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of kim jong un, the north korean leader, peering through field glasses and threatening to annihilate a small south korean island this is that island. it's about ten miles from the north korean mainland. in fact, kim was standing just over there on that small island when he made those threats. this place is home to 5,000 civilians. and a lot of soldiers. now, you would have thought that they would have got used to threats from the north. but even here, they've been alarmed by the frequency and the intensity of the threats that have come from pyongyang. now, the latest of course, was kim saying he was readying north korean missiles to attack u.s. bases. and today there was a mass rally in the center of pyongyang, screaming death to imperialists. and of course, supporting kim jong un. analysts believe an attack on u.s. bases is not that likely. that north korea simply doesn't have the capability. more likely is some sort of limited clash here in the west sea, that's happened before. the people on this island are only too aware of that. andr andrea? >> ian williams thanks to you on the f
of those hot lines they have to south korea? >> that's right. over the years, north korea under kim jong-un and before him, his father kim jong-il have made threats like this before, but there's growing concern among some, because of the unpredictability of this new leader, the son of kim jong-il, they consider him to be extremely dangerous, and they're taking a very close look at this. they're so concerned that just last week the u.s. and the south korean government signed a new military agreement that in the event of any kind of attack by north korea, that the two allies, the u.s. and south korea could work together in a possible counter attack. so people are taking this very seriously. they see no imminent threat. they see no indications from the south koreans that they are actually preparing to stage any attacks, but nevertheless everybody is taking this threat seriously and they're on a high aall right of watch, at least. jim mickle shells can i from the pentagon, we appreciate it. thank you so much. >> okay, luke. >>> there was a jobs for our heroes job fair today, an effort to help v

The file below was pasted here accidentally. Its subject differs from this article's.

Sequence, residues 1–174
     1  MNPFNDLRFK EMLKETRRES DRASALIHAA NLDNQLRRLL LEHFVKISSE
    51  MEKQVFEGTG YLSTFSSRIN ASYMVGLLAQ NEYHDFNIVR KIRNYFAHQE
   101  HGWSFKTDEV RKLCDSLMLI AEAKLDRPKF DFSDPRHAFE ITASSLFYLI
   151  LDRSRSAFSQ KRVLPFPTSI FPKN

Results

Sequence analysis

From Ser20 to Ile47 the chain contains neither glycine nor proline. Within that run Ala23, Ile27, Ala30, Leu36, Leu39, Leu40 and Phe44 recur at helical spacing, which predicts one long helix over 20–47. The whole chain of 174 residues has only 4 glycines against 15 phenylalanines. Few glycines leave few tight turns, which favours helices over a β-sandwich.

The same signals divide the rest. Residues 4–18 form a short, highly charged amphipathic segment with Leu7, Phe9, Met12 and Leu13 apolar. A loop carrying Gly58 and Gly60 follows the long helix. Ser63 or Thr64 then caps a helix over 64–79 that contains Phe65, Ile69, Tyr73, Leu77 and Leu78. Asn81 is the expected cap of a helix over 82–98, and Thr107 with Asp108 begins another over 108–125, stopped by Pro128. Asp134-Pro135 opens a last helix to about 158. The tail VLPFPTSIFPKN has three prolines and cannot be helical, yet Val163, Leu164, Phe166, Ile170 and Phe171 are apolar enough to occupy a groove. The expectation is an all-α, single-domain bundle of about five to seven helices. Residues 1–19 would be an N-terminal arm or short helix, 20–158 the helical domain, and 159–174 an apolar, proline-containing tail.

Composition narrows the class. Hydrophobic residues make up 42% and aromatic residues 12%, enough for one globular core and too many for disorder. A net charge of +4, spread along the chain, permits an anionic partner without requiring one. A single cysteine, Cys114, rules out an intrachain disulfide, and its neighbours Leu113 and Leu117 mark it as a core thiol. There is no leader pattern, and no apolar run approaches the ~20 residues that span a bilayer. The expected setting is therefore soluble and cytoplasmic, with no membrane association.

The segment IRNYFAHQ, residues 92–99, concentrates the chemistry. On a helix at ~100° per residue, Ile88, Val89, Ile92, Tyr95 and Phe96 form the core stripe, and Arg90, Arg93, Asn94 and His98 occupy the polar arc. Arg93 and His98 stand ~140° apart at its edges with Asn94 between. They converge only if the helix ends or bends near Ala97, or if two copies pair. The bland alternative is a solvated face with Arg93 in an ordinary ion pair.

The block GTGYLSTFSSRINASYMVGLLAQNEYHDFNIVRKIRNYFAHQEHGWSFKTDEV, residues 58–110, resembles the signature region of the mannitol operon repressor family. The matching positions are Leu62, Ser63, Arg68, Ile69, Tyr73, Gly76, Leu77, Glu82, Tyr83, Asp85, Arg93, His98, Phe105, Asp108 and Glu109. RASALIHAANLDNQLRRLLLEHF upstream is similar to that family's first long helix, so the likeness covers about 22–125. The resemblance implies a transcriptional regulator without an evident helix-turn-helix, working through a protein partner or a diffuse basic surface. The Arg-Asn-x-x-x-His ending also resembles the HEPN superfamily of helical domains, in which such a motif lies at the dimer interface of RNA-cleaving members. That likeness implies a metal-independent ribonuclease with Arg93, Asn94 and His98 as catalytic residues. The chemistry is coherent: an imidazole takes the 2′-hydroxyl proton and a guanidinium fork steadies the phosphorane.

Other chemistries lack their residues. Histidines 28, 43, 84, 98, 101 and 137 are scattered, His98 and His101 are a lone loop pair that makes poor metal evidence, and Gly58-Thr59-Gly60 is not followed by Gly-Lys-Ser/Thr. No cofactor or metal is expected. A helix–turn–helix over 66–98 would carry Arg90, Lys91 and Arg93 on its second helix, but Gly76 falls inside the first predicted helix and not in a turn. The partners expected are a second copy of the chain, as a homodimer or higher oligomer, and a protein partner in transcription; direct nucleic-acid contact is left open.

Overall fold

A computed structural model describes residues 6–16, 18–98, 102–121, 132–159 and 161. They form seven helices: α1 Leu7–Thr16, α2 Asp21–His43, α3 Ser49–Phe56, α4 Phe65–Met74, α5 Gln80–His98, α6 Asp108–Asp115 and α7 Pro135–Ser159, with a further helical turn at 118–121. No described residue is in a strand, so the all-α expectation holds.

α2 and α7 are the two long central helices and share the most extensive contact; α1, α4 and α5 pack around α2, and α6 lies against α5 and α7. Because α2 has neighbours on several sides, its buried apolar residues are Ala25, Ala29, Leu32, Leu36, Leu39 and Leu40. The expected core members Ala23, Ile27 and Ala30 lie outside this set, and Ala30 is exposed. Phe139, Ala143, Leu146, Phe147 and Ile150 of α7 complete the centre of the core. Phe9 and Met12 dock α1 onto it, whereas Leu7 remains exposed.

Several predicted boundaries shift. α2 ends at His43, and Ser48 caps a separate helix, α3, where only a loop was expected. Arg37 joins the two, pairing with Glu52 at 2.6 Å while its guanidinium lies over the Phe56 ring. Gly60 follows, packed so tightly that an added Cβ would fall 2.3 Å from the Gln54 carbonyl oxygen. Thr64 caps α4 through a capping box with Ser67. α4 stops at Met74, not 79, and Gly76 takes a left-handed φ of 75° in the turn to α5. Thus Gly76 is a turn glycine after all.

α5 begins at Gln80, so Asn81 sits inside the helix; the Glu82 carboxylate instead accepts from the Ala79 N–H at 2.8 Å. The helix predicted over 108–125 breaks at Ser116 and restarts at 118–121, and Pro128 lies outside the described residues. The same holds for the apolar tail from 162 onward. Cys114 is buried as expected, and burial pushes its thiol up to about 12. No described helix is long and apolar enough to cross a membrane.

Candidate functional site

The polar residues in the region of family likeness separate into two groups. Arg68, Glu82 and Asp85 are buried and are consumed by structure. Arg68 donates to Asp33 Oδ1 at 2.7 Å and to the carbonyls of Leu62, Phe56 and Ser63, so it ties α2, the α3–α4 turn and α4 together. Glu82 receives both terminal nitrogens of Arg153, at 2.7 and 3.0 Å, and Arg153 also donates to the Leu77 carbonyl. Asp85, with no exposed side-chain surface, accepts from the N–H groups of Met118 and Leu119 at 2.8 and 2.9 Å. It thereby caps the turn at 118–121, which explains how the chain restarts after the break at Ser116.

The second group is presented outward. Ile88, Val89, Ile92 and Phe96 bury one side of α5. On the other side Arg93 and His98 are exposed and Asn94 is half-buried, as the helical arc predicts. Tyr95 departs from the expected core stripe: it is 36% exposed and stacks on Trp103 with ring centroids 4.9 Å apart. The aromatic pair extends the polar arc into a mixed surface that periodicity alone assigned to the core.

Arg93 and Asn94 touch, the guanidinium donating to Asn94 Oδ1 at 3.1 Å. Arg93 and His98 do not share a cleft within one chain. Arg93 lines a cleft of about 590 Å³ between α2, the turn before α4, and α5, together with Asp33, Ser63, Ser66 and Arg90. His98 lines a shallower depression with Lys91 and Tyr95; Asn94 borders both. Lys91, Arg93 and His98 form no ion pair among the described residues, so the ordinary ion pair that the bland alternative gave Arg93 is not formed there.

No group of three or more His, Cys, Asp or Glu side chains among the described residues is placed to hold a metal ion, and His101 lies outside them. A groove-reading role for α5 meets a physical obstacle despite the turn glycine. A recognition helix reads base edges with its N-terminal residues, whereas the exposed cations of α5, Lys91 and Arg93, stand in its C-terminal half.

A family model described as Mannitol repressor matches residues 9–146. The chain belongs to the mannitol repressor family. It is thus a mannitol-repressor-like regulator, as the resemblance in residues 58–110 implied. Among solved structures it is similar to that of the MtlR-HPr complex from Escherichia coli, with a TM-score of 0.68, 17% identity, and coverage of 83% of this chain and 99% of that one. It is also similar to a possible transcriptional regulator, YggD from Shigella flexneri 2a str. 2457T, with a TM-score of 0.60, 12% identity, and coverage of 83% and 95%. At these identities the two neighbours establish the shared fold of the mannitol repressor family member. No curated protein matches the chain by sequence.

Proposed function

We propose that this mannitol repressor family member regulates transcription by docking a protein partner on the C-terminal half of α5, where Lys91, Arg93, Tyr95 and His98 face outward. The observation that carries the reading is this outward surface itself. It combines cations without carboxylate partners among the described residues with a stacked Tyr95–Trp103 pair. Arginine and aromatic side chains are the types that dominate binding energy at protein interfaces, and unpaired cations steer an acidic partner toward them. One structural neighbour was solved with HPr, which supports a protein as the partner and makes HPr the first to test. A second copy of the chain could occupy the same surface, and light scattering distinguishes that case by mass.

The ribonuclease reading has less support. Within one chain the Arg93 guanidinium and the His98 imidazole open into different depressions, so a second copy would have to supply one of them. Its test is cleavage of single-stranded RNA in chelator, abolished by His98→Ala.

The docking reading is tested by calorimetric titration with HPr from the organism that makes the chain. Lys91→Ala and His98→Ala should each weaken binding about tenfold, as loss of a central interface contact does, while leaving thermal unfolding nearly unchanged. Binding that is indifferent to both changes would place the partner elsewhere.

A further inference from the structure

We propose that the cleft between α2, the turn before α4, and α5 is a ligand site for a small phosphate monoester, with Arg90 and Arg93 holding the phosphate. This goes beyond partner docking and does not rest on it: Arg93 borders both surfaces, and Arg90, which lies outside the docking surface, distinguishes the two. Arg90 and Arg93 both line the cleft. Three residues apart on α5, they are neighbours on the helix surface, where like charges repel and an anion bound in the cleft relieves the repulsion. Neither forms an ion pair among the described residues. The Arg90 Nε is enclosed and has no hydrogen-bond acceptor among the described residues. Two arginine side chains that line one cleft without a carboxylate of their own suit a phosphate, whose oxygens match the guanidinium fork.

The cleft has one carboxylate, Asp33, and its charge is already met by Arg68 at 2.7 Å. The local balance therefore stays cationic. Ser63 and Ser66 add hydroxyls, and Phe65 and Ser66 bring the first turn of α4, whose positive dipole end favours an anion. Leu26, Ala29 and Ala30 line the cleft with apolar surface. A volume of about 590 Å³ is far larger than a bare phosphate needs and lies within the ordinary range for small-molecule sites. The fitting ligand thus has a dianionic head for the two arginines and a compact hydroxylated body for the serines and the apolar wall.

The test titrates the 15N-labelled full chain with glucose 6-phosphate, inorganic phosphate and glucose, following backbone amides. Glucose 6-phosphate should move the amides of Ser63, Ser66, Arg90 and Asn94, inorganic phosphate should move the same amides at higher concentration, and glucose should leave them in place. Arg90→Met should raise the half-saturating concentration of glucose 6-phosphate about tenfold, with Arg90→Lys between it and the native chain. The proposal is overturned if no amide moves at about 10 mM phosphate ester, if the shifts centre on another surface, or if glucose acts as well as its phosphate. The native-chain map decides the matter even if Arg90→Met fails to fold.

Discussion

jong un a great friend, his best friend, a nice guy? doesn't that undercut pressure from the west? >> you know what, dennis rodman was a great basketball player, and as a diplomat, he was a great basketball player. that's where we'll leave it. >> as a diplomat, you have been a senator for decades. you have been your own boss. what's it like to coordinate and as some have suggested in the past regarding secretary clinton, take instructions on foreign policy from people in the white house who, frankly, don't have as much experience as you. this was a problem with your predecessor. >> i think -- there's lots of experience in the white house. please don't diminish that, number one. number two, i'm delight to work for this president, with the president and his advisors. it's a great team. the president has a terrific vision. that's what i came over here to try to reinforce is to really cement a community of action around common values, common economic interests, common security interests, and in europe, we did that, and in rome we made it clear how we would join together with respect t